What is the measure of true leadership?


If New Brunswick’s economic morass demonstrates anything it is that, as the province careens from one predictable trauma to another, true leadership is becoming as rare as snow in Sudan.

Worse, perhaps, than genuine ignorance, virtually everyone saw this wall of debt from a distance – the current government, previous ones, pundits, political scientists, my Great Aunt Minnie – and those who had the authority and tools to knock it down, instead, laid more brick and mortar.

Some years ago, during the depth of the financial crisis that, overnight, wiped out trillions of dollars in private equity, the sad spectacle of Alan Greenspan – the once mighty head of the U.S. Federal Reserve – admitting to a Congressional Committee that his once unshakeable faith in the planet’s economic order had been thoroughly undermined in just a few, short weeks was shocking, indeed.

Now, we almost expect our leaders and heros to reliably fail us. Across North America and Europe, unemployment remain stubbornly high, the income gap between the rich and the rest continues to widen, consumer debt is at an all-time high. The tent-angry 99 per cent have folded up their makeshift cities and gone home.

In fact, as bobble-headed experts inform us from their studio couches on TV the economic diseases which afflict us are so complex, so systemic, so globally entrenched that it’s unlikely any policy, of any so-called leader, can accurately prescribe a cure. So, the thinking goes, why bother even trying?

All of which cuts to the core of our current problem: A growing distrust not only of our existing cohort of movers and shakers, but of the leadership principle, itself. 

Unlike every other malignancy that’s spread through our ailing economy, this fretful cynicism forecasts the early death of our various bodies politic, if only because we now need a calibre of leadership we haven’t seen in decades: Talented men and women in all professions and vocations stepping forward and risking their reputations in the sea of scorn that’s sweeping the planet; tough-minded, innovative, perspicacious individuals charting newer, smarter, more sustainable courses for businesses, governments, schools, and universities in the years ahead.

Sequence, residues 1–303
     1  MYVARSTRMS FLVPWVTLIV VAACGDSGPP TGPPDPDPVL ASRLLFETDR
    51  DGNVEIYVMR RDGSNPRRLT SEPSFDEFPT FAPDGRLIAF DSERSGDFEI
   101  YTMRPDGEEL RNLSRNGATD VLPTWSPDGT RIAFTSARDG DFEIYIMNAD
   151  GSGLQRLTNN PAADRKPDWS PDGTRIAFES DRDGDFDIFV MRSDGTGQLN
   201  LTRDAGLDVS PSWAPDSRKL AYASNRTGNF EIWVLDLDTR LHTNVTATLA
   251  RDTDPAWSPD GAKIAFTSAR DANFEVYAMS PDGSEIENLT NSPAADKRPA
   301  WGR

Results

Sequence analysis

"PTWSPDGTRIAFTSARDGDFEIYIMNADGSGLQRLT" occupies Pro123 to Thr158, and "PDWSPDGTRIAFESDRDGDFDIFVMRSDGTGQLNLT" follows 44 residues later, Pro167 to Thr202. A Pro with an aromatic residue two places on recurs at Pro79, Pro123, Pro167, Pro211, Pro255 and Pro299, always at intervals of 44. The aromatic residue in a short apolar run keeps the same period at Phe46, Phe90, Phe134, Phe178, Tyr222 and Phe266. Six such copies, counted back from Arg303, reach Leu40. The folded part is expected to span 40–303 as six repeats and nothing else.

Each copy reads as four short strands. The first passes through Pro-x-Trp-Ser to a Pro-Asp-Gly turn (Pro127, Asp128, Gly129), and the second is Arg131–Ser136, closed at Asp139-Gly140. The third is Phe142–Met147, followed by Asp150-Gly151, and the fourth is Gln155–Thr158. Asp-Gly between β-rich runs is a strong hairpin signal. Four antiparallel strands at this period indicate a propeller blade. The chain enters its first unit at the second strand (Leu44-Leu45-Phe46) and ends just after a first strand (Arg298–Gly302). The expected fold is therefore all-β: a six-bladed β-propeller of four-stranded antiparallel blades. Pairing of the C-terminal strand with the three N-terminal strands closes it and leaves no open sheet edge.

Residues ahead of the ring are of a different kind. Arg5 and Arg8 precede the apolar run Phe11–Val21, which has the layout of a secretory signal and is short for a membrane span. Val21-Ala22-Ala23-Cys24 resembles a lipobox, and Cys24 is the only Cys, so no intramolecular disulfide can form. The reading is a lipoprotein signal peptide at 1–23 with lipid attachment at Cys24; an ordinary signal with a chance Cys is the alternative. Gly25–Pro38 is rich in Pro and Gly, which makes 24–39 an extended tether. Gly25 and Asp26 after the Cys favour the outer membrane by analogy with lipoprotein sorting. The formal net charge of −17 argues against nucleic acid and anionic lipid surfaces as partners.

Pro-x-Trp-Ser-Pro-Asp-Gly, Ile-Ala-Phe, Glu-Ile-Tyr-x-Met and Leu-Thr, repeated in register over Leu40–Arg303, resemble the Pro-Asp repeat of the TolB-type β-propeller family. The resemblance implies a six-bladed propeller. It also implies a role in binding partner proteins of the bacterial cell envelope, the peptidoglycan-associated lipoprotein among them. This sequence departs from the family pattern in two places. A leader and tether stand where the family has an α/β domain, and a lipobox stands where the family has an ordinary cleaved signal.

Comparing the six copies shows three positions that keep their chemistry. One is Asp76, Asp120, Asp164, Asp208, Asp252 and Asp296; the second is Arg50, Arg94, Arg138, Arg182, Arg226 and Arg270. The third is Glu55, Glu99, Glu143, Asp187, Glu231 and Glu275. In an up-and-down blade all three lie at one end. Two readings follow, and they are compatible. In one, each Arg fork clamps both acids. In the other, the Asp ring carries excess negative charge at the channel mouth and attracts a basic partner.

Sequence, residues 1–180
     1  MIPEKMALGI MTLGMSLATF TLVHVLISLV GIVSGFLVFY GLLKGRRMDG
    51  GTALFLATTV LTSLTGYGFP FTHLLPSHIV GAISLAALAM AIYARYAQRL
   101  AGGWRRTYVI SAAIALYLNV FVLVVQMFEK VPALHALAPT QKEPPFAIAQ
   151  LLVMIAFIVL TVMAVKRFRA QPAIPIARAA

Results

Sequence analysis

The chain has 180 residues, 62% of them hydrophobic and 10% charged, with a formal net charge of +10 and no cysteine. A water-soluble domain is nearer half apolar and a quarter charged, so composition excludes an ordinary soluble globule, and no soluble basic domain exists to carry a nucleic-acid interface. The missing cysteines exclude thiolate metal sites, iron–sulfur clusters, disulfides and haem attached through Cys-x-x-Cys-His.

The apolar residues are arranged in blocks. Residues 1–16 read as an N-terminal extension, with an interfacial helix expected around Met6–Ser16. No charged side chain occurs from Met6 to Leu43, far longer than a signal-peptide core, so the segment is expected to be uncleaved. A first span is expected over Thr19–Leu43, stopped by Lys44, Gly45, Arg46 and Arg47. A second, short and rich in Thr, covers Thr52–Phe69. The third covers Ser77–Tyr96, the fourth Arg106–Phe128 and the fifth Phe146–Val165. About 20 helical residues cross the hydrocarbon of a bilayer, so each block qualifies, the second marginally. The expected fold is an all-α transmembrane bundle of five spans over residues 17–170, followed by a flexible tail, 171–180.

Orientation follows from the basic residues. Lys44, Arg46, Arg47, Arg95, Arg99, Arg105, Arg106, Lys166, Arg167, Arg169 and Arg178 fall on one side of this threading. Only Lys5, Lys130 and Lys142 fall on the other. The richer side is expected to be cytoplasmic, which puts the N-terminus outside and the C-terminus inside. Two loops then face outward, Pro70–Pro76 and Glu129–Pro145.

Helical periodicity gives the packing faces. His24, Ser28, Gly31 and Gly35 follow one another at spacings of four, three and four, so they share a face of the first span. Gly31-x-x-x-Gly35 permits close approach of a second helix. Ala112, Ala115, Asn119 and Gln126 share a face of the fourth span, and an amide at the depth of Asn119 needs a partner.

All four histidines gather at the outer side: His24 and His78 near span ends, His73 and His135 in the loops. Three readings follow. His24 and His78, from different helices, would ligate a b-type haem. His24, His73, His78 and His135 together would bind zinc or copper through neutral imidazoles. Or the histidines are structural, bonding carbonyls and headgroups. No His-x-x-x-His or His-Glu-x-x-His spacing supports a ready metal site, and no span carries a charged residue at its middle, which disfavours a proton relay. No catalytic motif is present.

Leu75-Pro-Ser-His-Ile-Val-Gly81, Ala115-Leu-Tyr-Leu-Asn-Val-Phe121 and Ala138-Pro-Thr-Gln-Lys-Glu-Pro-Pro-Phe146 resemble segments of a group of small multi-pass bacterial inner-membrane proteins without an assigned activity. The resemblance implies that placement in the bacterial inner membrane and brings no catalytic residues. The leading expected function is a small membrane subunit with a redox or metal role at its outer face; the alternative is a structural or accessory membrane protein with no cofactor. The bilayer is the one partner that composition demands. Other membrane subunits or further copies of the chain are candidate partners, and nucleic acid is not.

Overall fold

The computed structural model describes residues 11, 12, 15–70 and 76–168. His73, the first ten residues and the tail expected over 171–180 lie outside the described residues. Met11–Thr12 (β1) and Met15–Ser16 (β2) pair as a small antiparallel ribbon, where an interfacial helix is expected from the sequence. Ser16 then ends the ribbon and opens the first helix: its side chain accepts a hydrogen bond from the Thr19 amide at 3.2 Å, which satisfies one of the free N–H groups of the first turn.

And yet, the question is not so much who emerges to fill these roles, but how society regains its confidence in new leaders – the confidence to recognize those who are the real deals, and those who are the carnival barkers. Given how wrong almost everyone has been about almost everything over the past decade, it’s a brutally tough assignment; but it’s not impossible.

What, in fact, makes a true leader? Is it vision, passion, discipline, persistence? Is it strength, courage, loyalty, rhetorical flourish? These are all important traits. But while these qualities may be necessary for enlightened, trustworthy leadership, they are not necessarily sufficient.

Consider, for example, a man who “persistently” pursues short-term profits at the expense of long-term revenues. Or a women who “courageously” champions a policy, program or technology despite the fact that her competitors are manifestly more successful performing the same functions. Are these the leaders we need, or do they represent too much of what we already have in the boardrooms of the world’s Burger Kings and Tim Hortons?

In fact, the true measure of leadership on the precariously uneven playing field of the modern era will be knowledge, understanding, responsibility, and cooperation.

Knowledge of the way this province’s finances really work. Understanding of the means to achieve a productive balance between free enterprise principles and regulatory protections. Responsibility for getting to the truth of the threats – sooner rather than later that would injure our collective hopes, expectations and livelihoods.

And cooperation – always cooperation – not partisan hatcheting.

The notion that any man or woman owns the right to break the world as long as he or she is strong enough or smart enough to get away with it should have died along with the careers of Alan Greenspan and all his other Ayn Rand-loving ilk. 

Now, in this New Brunswick election cycle, we must look to ourselves for the leadership we seek, and become the heroes of our own lives.

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